They don’t have a Quotron machine to keep track of current stock prices. They don’t get insider tips. They don’t even have MBA degrees-not yet, anyway. But when the students in Finance 7193 at TCU’s M.J. Neely School of Business speak, E.F. Hutton ought to be listening.
“We may be amateurs,” says MBA student Mike Wysong, “but our intuition is pretty good.”
Each year since 1973, senior undergraduate business majors and second-year MBA students taking the class have been running the William C. Conner Foundation Educational Investment Fund. Although they earn course credit for this work, their interest in the subject is more than merely academic. At year’s end, total assets of the fund exceeded $1.1 million.
With a minimal amount of faculty interference, the students invest the money as they see fit. “Overall, they do quite well-I would not say spectacular but always competitive with the professional money managers.” says finance professor Stanley Block, who helped create the program. “I’d say more often than not, they outperform professional money managers.”
Then the market crashed in October, and the Educational Investment Fund was thrust into the limelight. In the course of the disastrous week following Black Monday, the fund lost about $163,000. The students were ecstatic. While the rest of the market was plummeting 23 percent, the value of the fund fell 11 percent. Only a handful of funds performed better. The students looked like wizards. Even The Wail Street Journal came calling.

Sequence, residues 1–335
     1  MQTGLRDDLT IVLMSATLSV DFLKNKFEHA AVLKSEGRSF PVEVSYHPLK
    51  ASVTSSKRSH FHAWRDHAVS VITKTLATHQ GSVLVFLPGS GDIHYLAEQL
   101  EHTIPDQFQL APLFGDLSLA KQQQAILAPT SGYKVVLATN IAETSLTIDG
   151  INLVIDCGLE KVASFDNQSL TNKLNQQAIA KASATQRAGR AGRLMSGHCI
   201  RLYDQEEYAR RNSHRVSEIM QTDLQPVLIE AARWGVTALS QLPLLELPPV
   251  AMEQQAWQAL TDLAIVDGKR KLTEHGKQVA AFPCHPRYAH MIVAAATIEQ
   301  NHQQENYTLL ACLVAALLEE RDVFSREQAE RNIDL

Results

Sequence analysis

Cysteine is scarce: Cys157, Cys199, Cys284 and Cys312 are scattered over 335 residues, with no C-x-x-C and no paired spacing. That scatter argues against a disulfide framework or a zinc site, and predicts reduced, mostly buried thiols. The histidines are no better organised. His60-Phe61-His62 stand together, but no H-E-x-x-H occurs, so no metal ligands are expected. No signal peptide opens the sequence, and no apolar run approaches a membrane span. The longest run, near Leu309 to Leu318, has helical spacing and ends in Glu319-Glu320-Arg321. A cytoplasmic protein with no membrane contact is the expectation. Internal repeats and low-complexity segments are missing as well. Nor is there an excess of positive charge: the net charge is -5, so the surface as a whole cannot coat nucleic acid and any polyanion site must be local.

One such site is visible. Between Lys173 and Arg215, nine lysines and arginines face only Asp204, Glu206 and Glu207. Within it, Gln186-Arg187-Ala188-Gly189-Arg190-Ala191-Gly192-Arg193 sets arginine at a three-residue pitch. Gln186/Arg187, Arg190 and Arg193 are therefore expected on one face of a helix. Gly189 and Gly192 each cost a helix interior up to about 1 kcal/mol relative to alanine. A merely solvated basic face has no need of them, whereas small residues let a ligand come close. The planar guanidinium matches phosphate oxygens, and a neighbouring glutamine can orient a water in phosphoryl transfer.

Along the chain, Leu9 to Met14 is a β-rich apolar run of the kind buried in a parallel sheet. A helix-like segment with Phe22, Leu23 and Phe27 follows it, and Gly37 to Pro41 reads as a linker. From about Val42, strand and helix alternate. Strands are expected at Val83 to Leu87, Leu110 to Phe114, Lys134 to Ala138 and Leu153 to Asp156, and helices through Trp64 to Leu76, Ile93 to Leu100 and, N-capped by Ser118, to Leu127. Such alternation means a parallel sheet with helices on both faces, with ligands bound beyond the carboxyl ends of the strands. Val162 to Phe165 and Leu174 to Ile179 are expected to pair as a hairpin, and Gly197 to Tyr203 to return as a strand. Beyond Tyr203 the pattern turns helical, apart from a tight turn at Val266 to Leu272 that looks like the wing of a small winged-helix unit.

The key to the fund’s relative success was the students’ decision in the fall to take a sizable chunk of their money out of the stock market and bank it as a hedge against a bear market. “Even though the bull was going at that time, we thought something was happening,” says current fund administrator Angela Rice. “We didn’t think the market was going to crash, but we were afraid of it.”
The Conner fund, the first of its kind at a major university and still among the largest in the country, is often a primary reason that business students choose to attend TCU. The competition to get into the class charged with running it is intense: only top students dare to apply, and fewer than half of them are accepted. Once they get into the class, the workload is immense. Each student is required to produce in-depth analyses of two securities and then recommend a course of action. Grades are based primarily on the merit of these papers, not on the subsequent performance of the stocks themselves. Buy and sell decisions are made by majority vote of the students.
During the spring semester, Rice says the fund will avoid highflying growth stocks in favor of intellectually duller, but safer, investments. “We all seem to be slightly bearish for the next year or so,” she explains. “We’re probably going to be increasing our income stock position and getting into defensive-type stocks that will be the best investment in a bear market.”